(Source: https://tickertape.tdameritrade.com/investing/importance-market-timing-strategies-staying-invested-16738)

While it is fun to look back any statistician can regurgitate the numbers of the past decade and the history of the markets. The one thing I can do is look at the overall picture and give you my two cents on what the future may hold. I will later attempt to put some of the fears and biases some of you may hold at ease by looking at how relevant concerns you may hold for 2020 have played out in the past.

4 Things I think you can expect in 2020

I normally like to write this part myself, but I feel as if one of my counterparts, Ben Carlson, said it so well I will just pass along the 4 I like the most. For the full article click below.


  • When stocks run into a rough patch it will feel more comfortable to do something rather than nothing. Doing something, anything, during big market moves, can make investors feel better about themselves because it gives us the illusion of control, whether those moves are necessary or not. Grabbing the wheel, so to speak, when things get hectic will always feel like the right move because making portfolio changes offers a release valve. It’s during these times that patience is rewarded more than ever.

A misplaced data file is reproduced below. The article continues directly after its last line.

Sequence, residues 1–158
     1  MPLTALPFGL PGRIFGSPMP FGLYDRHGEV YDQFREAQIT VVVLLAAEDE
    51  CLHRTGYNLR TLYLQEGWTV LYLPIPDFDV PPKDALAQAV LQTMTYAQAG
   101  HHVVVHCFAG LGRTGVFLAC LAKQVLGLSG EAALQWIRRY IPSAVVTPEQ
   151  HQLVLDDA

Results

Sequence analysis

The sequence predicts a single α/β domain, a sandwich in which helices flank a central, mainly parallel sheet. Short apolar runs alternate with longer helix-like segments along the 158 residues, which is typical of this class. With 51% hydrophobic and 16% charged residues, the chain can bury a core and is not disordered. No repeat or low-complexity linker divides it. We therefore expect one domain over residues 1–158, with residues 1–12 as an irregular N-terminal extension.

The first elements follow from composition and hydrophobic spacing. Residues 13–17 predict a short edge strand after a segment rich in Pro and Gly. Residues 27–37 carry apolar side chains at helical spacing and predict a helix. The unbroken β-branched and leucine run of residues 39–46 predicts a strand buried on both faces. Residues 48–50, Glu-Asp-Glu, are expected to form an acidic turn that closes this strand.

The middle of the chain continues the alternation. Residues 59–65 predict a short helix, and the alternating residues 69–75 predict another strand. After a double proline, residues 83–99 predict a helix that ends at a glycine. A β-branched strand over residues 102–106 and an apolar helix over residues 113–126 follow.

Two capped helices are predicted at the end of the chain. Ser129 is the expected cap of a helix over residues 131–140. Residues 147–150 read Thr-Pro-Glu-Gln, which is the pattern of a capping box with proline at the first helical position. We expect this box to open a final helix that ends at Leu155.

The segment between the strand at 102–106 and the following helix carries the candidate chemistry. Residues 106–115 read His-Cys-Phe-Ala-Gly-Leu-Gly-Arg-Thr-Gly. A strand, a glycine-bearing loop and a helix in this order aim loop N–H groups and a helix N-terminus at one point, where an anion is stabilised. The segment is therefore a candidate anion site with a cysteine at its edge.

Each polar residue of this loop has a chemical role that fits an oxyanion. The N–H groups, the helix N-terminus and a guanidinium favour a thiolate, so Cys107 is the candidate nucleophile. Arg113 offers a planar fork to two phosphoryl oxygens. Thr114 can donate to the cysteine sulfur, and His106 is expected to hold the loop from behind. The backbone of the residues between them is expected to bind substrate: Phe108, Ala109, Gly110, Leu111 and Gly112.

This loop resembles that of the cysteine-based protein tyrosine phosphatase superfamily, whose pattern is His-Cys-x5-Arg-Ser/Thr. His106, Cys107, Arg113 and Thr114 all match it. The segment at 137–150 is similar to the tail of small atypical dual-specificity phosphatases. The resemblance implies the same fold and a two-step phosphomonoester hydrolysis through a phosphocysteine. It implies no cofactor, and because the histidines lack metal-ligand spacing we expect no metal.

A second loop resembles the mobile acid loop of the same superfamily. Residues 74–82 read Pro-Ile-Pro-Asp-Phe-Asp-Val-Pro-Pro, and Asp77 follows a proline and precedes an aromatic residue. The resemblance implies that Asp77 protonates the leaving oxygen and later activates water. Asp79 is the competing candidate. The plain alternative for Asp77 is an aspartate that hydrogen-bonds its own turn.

• There will be other people getting richer than you. Fear and greed often influence investors into making mistakes with their money. But envy is probably a more destructive force. Seeing your peers, friends, or even perfect strangers making money faster than you can cause some strange emotions and reactions. This is true in down markets as well. Someone is bound to put on the right hedge or trade at an opportune time. When that happens you will always regret not doing the same


  • Diversification will make you feel silly. Any long-term investment strategy is bound to make you feel foolish over the short-term. This is especially true at market extremes as the limits of your patience and discipline are sure to be tested. Diversification is for patient people, and that requires ignoring those market environments that make you less than thrilled about spreading your bets and managing risk